Archive for category Homeland security

Is Staying out of Bomb-Shelters a Human-Automation Interaction Issue?

Co-authored with Guy Cohen-Lazry, to appear in Technology in Society.

Is staying out of bomb-shelters a human-automation interaction issue?



“Iron-Dome” is an anti-rocket air defense system placed around major urban areas of Israel. It was created to provide citizens with greater deal of protection against hostile rocket attacks. A study was conducted to examine whether civilians’ experience with the “Iron-Dome” system affects people’s perceived reliability of it, their trust in it, and their complacency to hostile rocket alerts. During the 2014 Israel-Gaza conflict (operation “Protective Edge”), an online questionnaire was used to measure civilian respondents’ perceptions and actions. Results indicated that people living in geographical areas who had more experience with rocket attacks and thereby with the “Iron-Dome” system, perceived it as less reliable, had lower trust in it, and were less complacent. These results show that people’s interaction with the “Iron-Dome” corresponds to the common prediction of theoretical models of human-automation interaction. This understanding may assist in planning of implementation programs and guidance of civilians for other mass protection systems in the future.

 Key words: Iron-Dome, Complacency, Trust in automation, Experience, Rocket defense system.




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Switch and Deliver: Display Layouts for MOMV (Multiple Operator Multiple Video feed) Environments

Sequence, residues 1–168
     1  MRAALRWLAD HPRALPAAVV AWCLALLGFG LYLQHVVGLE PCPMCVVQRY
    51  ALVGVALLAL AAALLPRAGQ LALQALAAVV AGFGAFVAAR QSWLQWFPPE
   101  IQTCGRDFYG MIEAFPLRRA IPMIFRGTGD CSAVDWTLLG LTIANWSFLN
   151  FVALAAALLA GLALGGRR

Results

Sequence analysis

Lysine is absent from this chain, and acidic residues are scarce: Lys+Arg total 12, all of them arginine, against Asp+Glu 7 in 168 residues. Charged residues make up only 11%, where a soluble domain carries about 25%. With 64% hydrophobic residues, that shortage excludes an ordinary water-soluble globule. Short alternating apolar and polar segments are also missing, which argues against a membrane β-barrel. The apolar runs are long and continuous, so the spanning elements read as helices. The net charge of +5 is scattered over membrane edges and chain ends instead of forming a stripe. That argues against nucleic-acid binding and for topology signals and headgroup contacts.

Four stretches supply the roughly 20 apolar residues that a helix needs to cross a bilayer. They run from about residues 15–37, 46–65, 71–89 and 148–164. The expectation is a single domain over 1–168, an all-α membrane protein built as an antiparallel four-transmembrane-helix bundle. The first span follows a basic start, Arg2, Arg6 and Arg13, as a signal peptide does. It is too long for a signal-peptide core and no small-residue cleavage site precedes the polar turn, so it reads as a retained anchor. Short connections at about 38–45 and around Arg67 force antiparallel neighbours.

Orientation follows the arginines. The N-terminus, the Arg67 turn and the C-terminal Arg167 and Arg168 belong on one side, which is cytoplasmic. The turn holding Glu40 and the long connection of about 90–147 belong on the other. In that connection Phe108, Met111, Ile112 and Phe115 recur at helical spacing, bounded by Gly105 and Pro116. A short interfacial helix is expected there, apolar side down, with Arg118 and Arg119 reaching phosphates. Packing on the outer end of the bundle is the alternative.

‘Switch and Deliver’ is a research project directed to design and develop tools/techniques and procedures to aid operators in handling Multiple Operator Multiple UAV (unmanned aerial vehicles) environments. It aims to identify what information and which tools and layouts will decrease switch-costs and improve overall mission performance. Nevertheless, most tools/techniques can be generalized to any Multiple Operator Multiple Video feed (MOMV) environments, where control of multiple video sources, task switching and/or coordination with other operators are necessary for mission success. In a paper , to be presented shortly in COGSIMA 2011, we describe a study conducted on proficient operators, examining three display layouts.where we examined how the operating interface facilitates handoffs and video feed switching among operators.

Here are examples of the Layouts we have been examining:

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  • In the Baseline layout (far left), contains  four equal sized windows: three windows show 3 different video feeds, and one window shows the C2 map. The payloads which were controlled by the user had an icon of a person on the top left side of the video.
  • In the Adaptive layout (center) window sizes change automatically according to user’s operations (i.e., time spent on window and performing operations in the window). Thus, in any defined time, the window that was most ‘active’ was larger than the other three windows.
  • In the User Controlled layout (right) , window sizes changes as well, except not automatically.  The user selected which window to enlarge. Thus, the large window was the one the user selected to enlarge.

Success rate, detection times, payload ‘energy’ (i.e., how much movement was done by the payload)  and Subjective evaluations and workload of the very experienced operators that participated in this study raised some interesting issues regarding fixed versus adaptive window size in MOMV environments.

  • This  study is only one of the many studies performed in the framework of this research project. The necessity and importance of tools in reducing operators’ workload and improving mission performance was again reinforced.   In  future studies, we plan to further explore the interactions that emerged.

Presentation title: Switch and Deliver: Display Layouts for MOMV (Multiple Operator Multiple Video feed)Environments.

Talya Porat (Ben-Gurion University, Israel)
Tal Oron-Gilad (Ben-Gurion University, Israel)
Jacob Silbiger (Synergy Integration Ltd., Israel)
Michal Rottem-Hovev (Israel Air Force, Israel)



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